Daylight Factor: Interior horizontal daylight illuminance expressed as a percentage of the horizontal daylight illuminance available to an unobstructed site.
Daylight Factor Dot charts: A series of circular formatted charts for overcast and clear sky conditions. Each chart contains a pattern of dots randomly distributed as a function of sky luminance and cosine corrected for the angle of incidence. When overlaid onto a site obstruction diagram and an interior room drawing, allows estimation of light available to a particular interior point as a fraction of the light available to an unobstructed site.
Effective Aperture (EA): Measure of the light-transmitting ability of a glazed window aperture. Product of glazing visible transmittance and the ratio of window-to-wall area.
Lighting Power Density: The maximum lighting power per unit area of a building allowed by code according to the classification of space function.
Light-to-Solar-Gain (LSG): Ratio of visible light transmitted to solar heat gain. A value below one means the glazing transmits more heat than light. A value above one means the glazing transmits more light than heat. Spectrally selective glazing is characterized by having a high LSG value (_1.25).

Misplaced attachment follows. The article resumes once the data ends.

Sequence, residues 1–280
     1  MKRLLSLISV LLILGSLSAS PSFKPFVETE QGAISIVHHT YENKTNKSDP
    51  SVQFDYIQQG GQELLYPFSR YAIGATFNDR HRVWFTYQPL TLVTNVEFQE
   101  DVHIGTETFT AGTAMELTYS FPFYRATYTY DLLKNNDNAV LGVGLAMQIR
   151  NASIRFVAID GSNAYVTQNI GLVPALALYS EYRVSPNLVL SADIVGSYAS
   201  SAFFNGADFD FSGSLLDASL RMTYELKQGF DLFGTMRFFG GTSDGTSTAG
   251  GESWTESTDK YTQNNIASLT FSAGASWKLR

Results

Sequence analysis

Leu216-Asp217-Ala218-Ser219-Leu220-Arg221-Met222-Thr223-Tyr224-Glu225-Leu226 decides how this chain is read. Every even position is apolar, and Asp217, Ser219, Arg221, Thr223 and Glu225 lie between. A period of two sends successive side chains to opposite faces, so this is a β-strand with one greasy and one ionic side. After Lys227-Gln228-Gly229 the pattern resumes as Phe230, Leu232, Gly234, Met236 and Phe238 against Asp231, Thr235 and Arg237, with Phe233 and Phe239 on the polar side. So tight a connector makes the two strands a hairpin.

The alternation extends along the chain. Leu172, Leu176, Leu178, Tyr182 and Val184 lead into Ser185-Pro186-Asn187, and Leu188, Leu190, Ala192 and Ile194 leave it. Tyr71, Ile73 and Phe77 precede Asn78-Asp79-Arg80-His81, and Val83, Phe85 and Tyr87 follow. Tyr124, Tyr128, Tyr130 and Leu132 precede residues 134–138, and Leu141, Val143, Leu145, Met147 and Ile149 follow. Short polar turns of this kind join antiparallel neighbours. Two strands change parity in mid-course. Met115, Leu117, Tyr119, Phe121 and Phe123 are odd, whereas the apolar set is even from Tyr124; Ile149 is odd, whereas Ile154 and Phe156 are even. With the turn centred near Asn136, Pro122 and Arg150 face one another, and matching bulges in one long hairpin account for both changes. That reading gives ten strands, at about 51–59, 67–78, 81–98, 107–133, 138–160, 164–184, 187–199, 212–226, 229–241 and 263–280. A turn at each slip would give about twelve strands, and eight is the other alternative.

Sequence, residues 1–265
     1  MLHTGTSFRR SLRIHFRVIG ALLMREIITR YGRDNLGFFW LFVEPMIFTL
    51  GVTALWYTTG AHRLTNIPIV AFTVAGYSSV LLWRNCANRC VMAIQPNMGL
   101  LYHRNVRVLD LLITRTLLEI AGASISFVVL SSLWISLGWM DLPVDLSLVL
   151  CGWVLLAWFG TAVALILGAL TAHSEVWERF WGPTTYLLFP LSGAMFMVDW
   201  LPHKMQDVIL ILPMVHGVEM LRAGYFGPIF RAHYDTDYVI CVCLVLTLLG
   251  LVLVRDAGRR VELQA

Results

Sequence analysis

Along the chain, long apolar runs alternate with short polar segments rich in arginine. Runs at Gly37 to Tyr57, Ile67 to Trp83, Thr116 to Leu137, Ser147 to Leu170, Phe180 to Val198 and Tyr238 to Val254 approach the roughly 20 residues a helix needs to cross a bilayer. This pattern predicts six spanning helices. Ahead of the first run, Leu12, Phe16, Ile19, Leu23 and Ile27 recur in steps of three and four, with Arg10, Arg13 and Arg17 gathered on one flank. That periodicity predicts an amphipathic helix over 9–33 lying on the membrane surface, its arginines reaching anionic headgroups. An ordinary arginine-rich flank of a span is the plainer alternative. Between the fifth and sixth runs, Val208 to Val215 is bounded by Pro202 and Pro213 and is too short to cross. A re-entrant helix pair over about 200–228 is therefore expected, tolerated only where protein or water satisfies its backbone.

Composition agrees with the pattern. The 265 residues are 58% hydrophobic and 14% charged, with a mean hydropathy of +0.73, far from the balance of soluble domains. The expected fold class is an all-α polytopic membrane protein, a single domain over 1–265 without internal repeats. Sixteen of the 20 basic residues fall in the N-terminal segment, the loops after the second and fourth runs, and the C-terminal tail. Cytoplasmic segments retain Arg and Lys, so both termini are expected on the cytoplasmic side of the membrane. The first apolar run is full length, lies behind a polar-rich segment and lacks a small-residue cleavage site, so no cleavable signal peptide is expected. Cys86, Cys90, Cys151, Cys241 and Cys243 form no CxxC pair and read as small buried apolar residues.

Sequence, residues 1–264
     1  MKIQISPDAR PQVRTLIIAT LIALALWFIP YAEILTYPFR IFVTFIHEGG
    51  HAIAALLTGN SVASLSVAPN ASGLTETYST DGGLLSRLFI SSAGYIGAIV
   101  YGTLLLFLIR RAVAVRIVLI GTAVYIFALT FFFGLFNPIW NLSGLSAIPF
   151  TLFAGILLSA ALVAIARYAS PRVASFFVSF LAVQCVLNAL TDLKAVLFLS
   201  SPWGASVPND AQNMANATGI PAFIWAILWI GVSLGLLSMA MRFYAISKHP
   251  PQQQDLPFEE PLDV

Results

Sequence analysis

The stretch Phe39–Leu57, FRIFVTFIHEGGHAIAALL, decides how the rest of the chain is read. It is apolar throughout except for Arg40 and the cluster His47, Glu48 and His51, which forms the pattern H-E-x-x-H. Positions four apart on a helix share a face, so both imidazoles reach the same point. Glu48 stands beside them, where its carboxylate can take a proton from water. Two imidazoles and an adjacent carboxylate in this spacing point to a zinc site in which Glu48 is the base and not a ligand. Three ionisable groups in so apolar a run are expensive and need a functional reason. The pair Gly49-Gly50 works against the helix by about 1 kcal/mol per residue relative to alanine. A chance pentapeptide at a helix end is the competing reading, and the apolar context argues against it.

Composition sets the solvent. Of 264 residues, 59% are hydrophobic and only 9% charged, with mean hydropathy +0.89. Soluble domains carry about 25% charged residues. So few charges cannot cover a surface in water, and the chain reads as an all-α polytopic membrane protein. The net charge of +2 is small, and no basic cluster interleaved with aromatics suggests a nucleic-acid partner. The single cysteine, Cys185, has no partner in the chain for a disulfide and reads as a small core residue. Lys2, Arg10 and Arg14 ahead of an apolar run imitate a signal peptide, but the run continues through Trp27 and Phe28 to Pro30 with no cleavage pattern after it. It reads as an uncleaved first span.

Luminous Flux: Rate of flow of radiant energy, measured in lumens (lm).
Nomogram: Graphical assessment tool consisting of a three coplanar curves, each graduated for a different variable so that a straight line cutting all three curves intersects the related values of each variable.
No Sky Plot: Plan drawing that shows the extent of daylight penetration by dividing the work plane into two parts: the part from which the sky can be seen directly, and the part from which it can't.
Passive Solar Heating Strategy: Use of the sun's energy for heating a building interior.
Sun Angle Calculator:
Solar shading design tool consisting of a series of sun path charts with a profile angle and incident angle overlay. Used for determining solar position at a specific latitude and time, and the associated profile angle relative to a particular fa?ade orientation. (Originally produced by Libbey-Owens-Ford up until 1974, but now available from the Society of Building Science Educators. Visit www.sbse.org/resources/sac/index.htm
Target Illuminance: Established minimum illuminance based on space function, task, and occupants’ age; measured in lux (lx) or footcandles (fc).